Nature has been a source of calm, beauty, and inspiration in all areas of my life.
From North Africa for the month of January, staying with my daughter's family...
Sunrise was imminent, the pink glows of predawn skies hurried me along the walk to the marina. By now I had navigated this pathway alone several times ... turn right at the first corner, continue past the car wash, the louage/taxi station, past the school that has a child to toilet ratio of one hundred to one, straight ahead at the first roundabout, slightly right at the second one. Sidewalks present their own obstacle course challenges of 'men's only' cafe chairs, cars, motorbikes, or stacks of building bricks; and the curbs vary in height from nine to eighteen inches—an added challenge when pushing a stroller.
Past the police station on the left, where the latest crunched Peugot waits inspection. (Mopeds are hard to insure, as “they have too many accidents.”) Papagallo's Italian-ish
Thousands of octopus pots line the rocky port walls—the small clay pot trap has not changed for centuries. Apparently the tiny octopus and squid love to crawl into cozy spaces, and then become trapped due to their inability to either back up or turn around.
Reminds me of the children's story of a boy who caught his hand in a jar, and was unable to free it as he couldn't release his grip on the item of his desire. I am reminded how easy it has been to feel stuck in a tight spot, unable to reshape my attitude. I climb over the rocks that create the protection for the boats in the port, reaching the light house, and I watch the waters swirl... the blue of the Mediterranean sea — rich, deep colours, the boats traveling out to sea, a feast for the eyes, therapy for the soul.
My heart craves for beauty, and recently John Eldredge put it into words for me.... in that as much as we have felt pains in our lives, proportionately we seek the beauty ... this has become clear to me in my journey of grief. The amazing thing is that beauty can be found everywhere, in all countries, all climates, in ordinary and spectacular.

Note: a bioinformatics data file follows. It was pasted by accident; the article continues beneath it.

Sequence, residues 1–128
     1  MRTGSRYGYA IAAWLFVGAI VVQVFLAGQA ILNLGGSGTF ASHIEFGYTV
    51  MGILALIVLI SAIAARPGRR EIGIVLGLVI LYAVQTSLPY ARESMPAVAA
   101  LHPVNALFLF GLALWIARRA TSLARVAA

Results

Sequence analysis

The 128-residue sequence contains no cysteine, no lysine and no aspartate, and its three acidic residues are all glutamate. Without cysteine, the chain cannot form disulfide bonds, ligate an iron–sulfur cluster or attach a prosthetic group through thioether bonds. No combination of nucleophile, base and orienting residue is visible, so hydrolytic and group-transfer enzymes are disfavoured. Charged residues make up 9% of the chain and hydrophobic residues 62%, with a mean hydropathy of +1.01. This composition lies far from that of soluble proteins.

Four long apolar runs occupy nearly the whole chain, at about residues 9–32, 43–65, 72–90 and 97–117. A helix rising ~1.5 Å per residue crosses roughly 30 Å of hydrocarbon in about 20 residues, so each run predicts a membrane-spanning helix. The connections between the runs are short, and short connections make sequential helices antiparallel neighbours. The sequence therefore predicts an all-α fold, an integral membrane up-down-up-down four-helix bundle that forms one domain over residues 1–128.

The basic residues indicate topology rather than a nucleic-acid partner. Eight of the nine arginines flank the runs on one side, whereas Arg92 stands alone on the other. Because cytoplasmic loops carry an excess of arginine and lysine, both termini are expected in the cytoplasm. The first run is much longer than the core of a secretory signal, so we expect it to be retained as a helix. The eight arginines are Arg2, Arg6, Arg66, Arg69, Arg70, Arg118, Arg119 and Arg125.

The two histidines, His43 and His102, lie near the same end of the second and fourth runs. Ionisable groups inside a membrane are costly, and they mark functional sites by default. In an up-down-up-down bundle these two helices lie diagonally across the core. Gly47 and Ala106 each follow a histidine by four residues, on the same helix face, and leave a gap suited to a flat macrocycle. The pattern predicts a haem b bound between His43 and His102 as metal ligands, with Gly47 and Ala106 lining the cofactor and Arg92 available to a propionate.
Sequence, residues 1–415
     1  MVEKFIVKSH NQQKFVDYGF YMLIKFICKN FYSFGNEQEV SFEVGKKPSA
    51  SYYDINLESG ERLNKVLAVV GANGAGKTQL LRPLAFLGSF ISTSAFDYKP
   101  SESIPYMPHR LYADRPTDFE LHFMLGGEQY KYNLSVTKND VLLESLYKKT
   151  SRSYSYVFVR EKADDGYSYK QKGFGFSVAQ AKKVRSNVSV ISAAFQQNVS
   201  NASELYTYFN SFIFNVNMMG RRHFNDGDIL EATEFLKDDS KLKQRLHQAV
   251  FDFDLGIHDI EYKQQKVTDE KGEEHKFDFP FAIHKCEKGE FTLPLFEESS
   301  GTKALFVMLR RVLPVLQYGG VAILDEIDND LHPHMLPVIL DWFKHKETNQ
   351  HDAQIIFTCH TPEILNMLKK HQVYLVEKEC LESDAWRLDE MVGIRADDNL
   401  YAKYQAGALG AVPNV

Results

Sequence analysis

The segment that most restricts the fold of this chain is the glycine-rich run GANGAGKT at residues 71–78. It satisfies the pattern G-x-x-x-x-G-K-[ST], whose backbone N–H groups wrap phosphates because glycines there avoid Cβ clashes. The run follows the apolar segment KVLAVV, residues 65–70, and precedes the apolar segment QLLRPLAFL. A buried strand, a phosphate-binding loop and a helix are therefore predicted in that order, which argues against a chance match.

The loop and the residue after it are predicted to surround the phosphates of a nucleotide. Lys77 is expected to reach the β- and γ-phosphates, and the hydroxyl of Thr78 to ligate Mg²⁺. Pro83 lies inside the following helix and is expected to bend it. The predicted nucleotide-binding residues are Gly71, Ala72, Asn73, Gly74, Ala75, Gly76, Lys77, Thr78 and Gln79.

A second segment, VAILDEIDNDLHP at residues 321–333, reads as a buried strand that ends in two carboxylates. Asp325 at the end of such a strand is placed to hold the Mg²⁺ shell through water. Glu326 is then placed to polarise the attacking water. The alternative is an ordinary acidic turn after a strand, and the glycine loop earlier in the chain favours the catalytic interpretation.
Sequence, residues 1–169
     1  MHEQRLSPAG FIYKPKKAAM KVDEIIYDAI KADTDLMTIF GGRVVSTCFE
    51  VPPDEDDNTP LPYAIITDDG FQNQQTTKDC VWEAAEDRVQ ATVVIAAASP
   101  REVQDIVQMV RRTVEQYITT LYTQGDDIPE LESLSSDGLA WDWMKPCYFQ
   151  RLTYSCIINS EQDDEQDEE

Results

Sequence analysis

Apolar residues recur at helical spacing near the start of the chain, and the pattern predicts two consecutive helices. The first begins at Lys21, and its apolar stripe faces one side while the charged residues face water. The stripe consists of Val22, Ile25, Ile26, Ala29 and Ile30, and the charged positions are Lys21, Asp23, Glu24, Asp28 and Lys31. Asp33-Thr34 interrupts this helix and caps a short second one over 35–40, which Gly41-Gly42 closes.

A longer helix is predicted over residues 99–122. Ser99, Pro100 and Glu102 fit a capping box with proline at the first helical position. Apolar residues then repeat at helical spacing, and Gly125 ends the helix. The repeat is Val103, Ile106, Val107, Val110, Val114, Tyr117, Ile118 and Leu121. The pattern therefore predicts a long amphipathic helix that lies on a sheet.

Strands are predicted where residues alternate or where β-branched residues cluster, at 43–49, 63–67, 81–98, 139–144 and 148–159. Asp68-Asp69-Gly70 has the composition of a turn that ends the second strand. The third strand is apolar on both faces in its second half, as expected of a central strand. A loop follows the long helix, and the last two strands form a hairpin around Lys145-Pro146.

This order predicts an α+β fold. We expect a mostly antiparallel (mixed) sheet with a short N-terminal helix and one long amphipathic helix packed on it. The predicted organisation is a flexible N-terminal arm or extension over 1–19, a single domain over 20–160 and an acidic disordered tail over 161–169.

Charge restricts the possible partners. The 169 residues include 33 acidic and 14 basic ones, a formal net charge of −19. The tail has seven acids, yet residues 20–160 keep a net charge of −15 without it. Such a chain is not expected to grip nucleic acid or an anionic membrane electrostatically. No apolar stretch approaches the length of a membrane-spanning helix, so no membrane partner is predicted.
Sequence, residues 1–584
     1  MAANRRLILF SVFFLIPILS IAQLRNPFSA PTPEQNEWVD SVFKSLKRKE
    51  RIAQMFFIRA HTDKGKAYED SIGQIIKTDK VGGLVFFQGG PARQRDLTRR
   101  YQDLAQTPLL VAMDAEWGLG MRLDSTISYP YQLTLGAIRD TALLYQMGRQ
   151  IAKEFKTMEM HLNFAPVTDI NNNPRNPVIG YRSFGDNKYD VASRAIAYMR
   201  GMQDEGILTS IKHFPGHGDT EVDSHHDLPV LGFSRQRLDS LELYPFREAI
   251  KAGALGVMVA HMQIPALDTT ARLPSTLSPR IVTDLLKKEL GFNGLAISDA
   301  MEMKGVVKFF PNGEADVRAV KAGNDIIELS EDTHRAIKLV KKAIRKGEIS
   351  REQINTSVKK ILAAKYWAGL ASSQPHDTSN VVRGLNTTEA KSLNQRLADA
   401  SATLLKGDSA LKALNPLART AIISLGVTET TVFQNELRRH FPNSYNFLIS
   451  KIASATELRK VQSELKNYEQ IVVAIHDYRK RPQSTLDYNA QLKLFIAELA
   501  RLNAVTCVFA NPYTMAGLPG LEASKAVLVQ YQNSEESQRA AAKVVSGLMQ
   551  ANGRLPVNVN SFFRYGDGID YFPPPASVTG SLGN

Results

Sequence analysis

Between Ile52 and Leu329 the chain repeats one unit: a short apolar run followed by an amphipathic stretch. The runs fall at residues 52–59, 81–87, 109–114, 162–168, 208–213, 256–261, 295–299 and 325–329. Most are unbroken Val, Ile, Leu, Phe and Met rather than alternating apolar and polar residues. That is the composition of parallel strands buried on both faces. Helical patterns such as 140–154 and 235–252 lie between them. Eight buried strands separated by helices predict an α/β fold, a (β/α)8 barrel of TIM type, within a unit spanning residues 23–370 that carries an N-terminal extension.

I have brought my travel New Testament with me; it was my daughter's, and I still feel connected when I find verses she has underlined. This morning the pages open at First Corinthians 4:7 ... And I laugh at God's sense of humour as I read: “Yet we who have this spiritual treasure are like common clay pots, in order to show that the supreme power belongs to God, not to us ....” (Good News NT)
I text my daughter to let her know that I will meet her on the path to her son's school.
What a great start to the day for just one of a million clay pots!
A child of God, a mother, a grand-mother, a world traveller wannabe, and former operating room nurse; she is a seeker of beauty. Into each life a little rain must fall, but the downpour of losing two of her three children in a car accident was an event survived by God's grace alone. Through a journey of intense tragedy emerges a woman being rebuilt by her Creator who has led her to see the flowers that bloom in the desert.
Her book on grief, Who is Talking out of My Head? Grief as an Out of Body Experience, was published by DW Friesen in 2013 and is available in Manitoba bookstores; online at Amazon, or Friesenpress.com
She blogs about finding hope in the hard places at Who Is Talking. You can find her on Facebook via Jocelyn B Faire.
Currently enrolled in University of Calgary's Creative Writing program.